Lower Back Pain and Physical Therapy Exercise
Physical therapy exercise is one of the most common methods of treating lower back pain. In fact, many home remedies for lower back pain consist of exercise, because the general theory is that if you remain active, you remain healthy. This is true in most cases.
However, for purposes of this article, the exercises featured here will be those that are practiced by physical therapists to treat patients with lower back pain.
Generally, in physical therapy exercises, the exercise program for back pain should encompass a set of stretching exercises, strengthening exercises, and low impact aerobics. Read below for more on these exercises:
The back of a person is composed of the spinal column and contiguous muscles, ligaments and tendons. All these are designed to move in consonance with each other so that any limitation in the range of motion in any of these components of the back result in back pain.
Stretching for lower back pain specifically targets soft tissues, such as muscles, ligaments and tendons, found in the back and around the spine. By stretching, the spine and soft tissues are mobilized, increasing motion and thus, relieving pain.
There are many kinds of stretching exercises employed by physical therapists. One is the Hamstring Stretching Exercise which works to relax tight hamstrings, a common symptom of lower back pain. This exercise is said to help decrease the intensity of lower back pain among sufferers.
Physical therapists generally use two forms of strengthening and back pain relief exercises, usually depending on the specific condition of the patient. These are the McKenzie exercises and dynamic lumbar stabilization exercises. However, the two forms of strengthening exercises may also be combined should the therapist find it appropriate to do so.
Named after a physical therapist in New Zealand, McKenzie exercises are primarily extension exercises that could help reduce pain generated from the disc space and also may help reduce the symptoms of herniated disc by reducing pressure on a nerve root.
For acute pain, the McKenzie exercises should be done frequently, at least once every two hours. In addition, patients are advised to avoid flexing their spine when exercising.
-Dynamic Lumbar Stabilization Exercises
Using this back exercise technique, the first thing that a physical therapist does is to look for the patient’s “neutral” spine. This refers to the position that allows the patient to feel the most comfortable.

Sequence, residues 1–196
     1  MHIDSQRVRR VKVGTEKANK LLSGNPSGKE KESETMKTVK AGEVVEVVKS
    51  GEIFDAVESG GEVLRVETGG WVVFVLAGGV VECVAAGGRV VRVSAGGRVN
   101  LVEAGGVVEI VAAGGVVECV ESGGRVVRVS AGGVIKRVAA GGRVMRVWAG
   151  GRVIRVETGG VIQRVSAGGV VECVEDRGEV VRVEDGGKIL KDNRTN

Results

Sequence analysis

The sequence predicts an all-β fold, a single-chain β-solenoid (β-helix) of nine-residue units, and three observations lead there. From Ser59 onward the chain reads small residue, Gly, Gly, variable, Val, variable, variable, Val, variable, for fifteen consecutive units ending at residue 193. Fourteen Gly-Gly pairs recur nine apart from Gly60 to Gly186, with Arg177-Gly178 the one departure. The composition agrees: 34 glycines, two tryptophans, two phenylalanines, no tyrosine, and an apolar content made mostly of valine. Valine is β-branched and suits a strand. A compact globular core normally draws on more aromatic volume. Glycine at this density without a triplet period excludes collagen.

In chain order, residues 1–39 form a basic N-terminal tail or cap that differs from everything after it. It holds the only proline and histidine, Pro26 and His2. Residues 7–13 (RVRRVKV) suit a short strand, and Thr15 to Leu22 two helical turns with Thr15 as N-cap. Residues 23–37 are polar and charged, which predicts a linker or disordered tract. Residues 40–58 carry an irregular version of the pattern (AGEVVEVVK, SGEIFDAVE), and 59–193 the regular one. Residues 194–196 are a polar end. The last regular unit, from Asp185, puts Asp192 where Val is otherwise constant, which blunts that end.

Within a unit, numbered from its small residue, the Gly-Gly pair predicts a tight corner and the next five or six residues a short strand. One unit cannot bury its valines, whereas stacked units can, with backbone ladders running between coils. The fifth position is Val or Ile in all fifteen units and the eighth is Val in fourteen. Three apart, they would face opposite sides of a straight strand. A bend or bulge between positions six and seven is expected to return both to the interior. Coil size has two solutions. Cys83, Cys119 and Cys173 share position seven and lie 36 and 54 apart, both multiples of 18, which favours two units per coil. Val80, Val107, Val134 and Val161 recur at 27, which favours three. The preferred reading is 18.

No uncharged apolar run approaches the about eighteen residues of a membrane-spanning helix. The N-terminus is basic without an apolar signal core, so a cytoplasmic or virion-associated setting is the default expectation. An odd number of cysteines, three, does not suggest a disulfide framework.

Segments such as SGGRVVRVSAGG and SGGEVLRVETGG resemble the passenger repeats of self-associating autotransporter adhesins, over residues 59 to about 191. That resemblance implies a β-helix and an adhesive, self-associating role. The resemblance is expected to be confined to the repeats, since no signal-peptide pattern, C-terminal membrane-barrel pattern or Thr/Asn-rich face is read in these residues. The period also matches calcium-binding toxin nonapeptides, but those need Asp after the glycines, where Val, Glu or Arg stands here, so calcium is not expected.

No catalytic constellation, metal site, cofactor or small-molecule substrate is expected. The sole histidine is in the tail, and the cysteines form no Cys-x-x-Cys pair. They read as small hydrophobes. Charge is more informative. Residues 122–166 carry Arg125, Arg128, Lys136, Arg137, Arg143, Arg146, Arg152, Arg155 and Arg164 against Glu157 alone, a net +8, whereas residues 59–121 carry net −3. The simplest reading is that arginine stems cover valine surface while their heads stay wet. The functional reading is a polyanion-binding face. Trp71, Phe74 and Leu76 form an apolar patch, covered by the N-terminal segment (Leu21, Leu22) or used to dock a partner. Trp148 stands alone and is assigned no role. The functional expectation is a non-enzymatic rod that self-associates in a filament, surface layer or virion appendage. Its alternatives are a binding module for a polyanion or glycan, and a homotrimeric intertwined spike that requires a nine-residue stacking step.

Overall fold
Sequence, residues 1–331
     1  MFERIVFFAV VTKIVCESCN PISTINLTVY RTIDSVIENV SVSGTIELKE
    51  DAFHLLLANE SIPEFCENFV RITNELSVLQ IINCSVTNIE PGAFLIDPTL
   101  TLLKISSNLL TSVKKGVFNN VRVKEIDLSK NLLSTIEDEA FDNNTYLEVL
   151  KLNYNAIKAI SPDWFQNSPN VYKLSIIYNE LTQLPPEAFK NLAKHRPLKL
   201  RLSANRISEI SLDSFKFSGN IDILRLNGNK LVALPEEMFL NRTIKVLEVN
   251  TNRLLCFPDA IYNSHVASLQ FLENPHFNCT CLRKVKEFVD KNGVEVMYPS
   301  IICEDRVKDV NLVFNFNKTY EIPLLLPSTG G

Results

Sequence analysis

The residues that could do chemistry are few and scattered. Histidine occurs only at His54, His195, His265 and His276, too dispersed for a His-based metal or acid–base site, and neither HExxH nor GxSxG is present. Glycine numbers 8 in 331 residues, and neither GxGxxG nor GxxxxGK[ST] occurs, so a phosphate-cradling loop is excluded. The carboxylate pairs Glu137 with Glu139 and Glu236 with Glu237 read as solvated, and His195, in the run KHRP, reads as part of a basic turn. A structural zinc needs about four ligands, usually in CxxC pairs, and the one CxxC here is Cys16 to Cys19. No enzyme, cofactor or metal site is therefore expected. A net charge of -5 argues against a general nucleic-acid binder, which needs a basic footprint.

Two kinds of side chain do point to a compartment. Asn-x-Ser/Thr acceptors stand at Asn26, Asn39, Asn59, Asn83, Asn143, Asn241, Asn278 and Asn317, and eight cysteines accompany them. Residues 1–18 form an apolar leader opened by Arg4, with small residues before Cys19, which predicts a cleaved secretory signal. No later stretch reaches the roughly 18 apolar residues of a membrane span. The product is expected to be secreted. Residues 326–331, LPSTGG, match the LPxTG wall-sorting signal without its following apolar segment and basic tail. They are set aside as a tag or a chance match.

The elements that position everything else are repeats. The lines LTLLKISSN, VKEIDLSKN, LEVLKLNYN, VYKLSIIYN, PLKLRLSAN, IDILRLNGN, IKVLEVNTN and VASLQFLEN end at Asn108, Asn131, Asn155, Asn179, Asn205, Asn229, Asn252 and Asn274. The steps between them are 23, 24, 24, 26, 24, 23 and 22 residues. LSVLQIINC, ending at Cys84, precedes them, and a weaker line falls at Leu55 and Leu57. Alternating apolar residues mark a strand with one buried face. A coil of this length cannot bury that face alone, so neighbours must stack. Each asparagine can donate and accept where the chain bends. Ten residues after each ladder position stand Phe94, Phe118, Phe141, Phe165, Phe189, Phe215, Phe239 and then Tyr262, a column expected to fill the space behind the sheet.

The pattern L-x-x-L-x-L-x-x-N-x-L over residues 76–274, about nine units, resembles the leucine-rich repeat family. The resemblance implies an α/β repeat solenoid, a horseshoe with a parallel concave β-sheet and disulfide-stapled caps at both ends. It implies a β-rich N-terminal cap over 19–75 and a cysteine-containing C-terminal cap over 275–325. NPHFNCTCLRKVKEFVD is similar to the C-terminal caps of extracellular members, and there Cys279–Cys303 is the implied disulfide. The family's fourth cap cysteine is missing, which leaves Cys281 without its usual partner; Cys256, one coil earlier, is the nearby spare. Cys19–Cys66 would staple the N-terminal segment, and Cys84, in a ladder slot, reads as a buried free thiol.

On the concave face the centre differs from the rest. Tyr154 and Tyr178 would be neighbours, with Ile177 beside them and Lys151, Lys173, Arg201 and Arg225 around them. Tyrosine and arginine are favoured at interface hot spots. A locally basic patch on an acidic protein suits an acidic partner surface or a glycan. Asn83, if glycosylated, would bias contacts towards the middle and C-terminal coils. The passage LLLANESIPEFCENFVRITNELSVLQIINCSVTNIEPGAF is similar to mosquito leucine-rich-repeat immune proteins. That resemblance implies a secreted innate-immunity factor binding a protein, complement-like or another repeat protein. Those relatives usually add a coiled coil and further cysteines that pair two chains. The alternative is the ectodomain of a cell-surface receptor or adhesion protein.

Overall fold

Afterwards, when the patient is in that position, the back muscles are then exercised in order to “teach” the spine how to stay in this position.
Performing these exercises on a regular basis can help strengthen the back muscles and keep the spine well-positioned.
Low Impact Aerobic Exercises
The purpose of low impact aerobic exercise is to recondition the back. Patients who undergo reconditioning of the back through low impact aerobic exercise will have fewer episodes of lower back pain.
In addition, whenever an episode of lower back pain does occur, the pain is less intense and lasts only for a short period.
Another benefit of low impact aerobic exercise is that patients tend to stay functional that is, they can continue with their regular work and carry on with recreational activities. In contrast, patients who do not undergo low impact aerobic exercises typically experience the gradual loss of their functional abilities.
For low impact aerobic exercises to achieve their desired results, they should be continuous. This will increase the heart rate and keep it elevated as well as increase the production of endorphins, which are pain fighting hormones released by the body.
Here are some examples of low impact aerobic exercises that you may want to try in order to lessen or reduce lower back pain:
One of the simplest forms of aerobic exercises, walking is generally considered as very gentle on the back. To get the maximum benefit from walking as a form of low impact aerobic exercise, walk two to three miles three times per week.
This form of aerobic exercise is less painful on the back since there is lower impact produced. This is beneficial for patients with lower back pain who may find walking too painful.
Sometimes referred to as aquatherapy, water therapy is simply doing exercise in the water. The buoyancy works to provide effective conditioning at the same time stress on the back is reduced.